Dutch agriculture: Going circular to stay on track

What farmers need to make the transition

In its new vision on agriculture, the Dutch Cabinet has prioritized the climate and ‘circular agriculture.’ What does this environmentally-conscious ambition mean for the sector, and can farmers make the change?

Agriculture is one of the Netherlands’ top industries with exports of fruit, vegetables, flowers and meat reaching a record €92 billion in 2017. The country is the second largest exporter of agricultural products after the United States. Minister of Agriculture, Nature and Food Quality, Carola Schouten, wants the Netherlands to retain its lead – in sustainable farming. That is what she champions in her vision “Nature, agriculture and food: valuable and linked,” which she presented in September.

In circular agriculture, production is based on the most efficient use of natural raw materials throughout the chain as opposed to increasing production at ever decreasing costs, which is where the emphasis of current agricultural practice lies. The severe pressure that intensive farming practices put on biodiversity, water quality, landscape and the environment makes this shift to circular necessary, says the Minister.

When circular economy principles are applied to agriculture, arable farmers, livestock farmers and growers work more closely together, using the raw materials and waste flows from each other’s chain. Take the food industry, for example. Imported feed can be replaced by local feed and animal manure can take the place of artificial fertilizer. Wherever possible chains are kept short at local, regional and international levels.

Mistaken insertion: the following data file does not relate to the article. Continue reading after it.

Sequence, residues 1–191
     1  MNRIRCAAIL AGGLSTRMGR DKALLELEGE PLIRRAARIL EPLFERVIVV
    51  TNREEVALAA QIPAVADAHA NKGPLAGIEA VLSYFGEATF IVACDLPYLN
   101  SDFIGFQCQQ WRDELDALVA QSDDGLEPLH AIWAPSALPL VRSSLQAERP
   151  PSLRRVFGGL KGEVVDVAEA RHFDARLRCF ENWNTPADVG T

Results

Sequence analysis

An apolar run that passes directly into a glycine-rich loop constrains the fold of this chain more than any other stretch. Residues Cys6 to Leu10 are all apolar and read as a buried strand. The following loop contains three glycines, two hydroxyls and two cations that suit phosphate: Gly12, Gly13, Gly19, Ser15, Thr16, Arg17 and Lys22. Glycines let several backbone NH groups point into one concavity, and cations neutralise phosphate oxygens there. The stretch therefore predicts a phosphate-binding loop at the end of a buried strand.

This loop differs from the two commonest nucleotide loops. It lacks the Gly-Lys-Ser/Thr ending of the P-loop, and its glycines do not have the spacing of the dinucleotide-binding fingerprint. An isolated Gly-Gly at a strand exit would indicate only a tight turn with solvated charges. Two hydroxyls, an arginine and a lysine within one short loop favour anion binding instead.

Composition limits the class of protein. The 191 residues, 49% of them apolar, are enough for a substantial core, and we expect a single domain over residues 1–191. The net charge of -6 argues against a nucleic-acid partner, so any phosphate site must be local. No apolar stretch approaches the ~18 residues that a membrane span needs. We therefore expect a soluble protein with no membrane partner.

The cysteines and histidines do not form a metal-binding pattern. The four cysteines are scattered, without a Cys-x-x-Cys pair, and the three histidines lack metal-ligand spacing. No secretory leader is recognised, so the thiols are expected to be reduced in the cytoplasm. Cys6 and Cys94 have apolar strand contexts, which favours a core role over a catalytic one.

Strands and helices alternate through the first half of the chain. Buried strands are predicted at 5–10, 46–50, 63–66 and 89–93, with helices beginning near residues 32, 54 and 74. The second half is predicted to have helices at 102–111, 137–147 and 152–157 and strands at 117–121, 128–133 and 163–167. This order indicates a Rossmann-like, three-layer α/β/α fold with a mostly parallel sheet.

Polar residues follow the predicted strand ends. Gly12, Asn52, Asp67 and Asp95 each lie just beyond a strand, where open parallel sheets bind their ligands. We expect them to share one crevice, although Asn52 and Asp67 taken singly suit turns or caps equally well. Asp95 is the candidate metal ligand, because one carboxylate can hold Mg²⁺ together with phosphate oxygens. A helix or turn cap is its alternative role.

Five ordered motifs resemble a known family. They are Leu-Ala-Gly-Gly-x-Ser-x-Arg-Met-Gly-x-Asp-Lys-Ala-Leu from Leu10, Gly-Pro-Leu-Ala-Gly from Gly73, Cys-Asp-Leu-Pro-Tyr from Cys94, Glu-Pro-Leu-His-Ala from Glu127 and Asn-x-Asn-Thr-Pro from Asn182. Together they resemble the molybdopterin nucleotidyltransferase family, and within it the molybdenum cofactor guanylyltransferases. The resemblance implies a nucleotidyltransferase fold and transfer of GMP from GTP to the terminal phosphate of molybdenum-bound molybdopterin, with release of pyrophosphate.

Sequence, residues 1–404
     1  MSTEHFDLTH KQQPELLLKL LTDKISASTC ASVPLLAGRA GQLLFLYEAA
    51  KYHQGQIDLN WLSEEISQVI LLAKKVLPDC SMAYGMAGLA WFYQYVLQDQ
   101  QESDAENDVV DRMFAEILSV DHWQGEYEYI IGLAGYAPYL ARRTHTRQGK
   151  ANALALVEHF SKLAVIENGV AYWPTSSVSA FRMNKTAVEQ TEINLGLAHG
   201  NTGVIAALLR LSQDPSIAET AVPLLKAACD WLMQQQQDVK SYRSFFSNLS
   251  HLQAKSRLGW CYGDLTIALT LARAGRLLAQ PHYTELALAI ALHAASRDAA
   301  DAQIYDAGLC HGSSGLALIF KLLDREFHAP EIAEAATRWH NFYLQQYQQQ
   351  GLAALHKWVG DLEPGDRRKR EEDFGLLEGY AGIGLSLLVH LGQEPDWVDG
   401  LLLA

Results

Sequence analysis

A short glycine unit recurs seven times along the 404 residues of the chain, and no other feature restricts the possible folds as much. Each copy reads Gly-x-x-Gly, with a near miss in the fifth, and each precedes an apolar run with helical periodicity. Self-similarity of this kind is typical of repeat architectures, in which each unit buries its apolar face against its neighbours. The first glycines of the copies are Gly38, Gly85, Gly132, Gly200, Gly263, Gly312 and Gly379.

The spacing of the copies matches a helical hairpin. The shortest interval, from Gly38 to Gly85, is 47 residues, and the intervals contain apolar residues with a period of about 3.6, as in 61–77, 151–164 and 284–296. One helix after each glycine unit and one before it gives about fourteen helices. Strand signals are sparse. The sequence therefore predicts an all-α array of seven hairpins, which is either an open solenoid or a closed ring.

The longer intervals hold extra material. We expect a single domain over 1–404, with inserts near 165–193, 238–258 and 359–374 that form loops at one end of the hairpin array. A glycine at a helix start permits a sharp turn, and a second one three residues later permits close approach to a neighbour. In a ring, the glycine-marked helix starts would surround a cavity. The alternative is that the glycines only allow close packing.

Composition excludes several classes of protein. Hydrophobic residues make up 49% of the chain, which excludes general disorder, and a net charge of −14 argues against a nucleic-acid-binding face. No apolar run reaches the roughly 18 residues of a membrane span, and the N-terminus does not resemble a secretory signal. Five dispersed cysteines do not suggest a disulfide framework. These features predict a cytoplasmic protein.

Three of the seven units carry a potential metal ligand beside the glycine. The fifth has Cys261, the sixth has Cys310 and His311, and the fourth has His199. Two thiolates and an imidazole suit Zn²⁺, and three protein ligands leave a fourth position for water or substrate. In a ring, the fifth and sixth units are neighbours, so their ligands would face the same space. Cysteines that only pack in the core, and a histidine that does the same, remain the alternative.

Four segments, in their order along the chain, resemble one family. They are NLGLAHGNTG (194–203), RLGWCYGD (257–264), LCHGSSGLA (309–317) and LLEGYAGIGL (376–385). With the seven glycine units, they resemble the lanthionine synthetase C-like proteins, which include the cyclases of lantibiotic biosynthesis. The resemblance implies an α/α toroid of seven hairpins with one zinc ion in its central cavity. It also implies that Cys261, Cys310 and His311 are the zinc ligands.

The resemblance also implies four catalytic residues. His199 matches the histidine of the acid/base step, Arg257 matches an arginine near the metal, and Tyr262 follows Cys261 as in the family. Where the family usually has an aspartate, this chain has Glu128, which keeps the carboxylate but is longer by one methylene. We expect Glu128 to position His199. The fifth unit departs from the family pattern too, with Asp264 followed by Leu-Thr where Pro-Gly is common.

Race to the bottom

Industry specialist for dairy farming at Rabobank, Marijn Dekkers, feels that the Cabinet’s vision fits in with calls from the agricultural sector. Continuing to produce more at ever lower costs is a race to the bottom in which there are few winners. “Despite scaling up, farmers still don’t earn enough on what they produce.” Dekkers calls Schouten’s vision “a rather tentative starting point” for circular agriculture.

“She’s not tackling any thorny issues yet. Of course no one is against farmers being paid a fair price, but the question is, how do we achieve that? What’s more, how we will use our own manure and our own feed, because Dutch farmers still export their manure and import artificial fertilizer and concentrates.”

”The Minister is not tackling any thorny issues yet”

- Marijn Dekkers, Rabobank

But Dekkers is optimistic when it comes to the chances for circular agriculture. He believes in the closer partnership it requires. “Arable farmers are starting to see the benefits of using manure from livestock farmers.” For circular agriculture to become a success more coordination is needed, both between farmers themselves and between farmers and the government.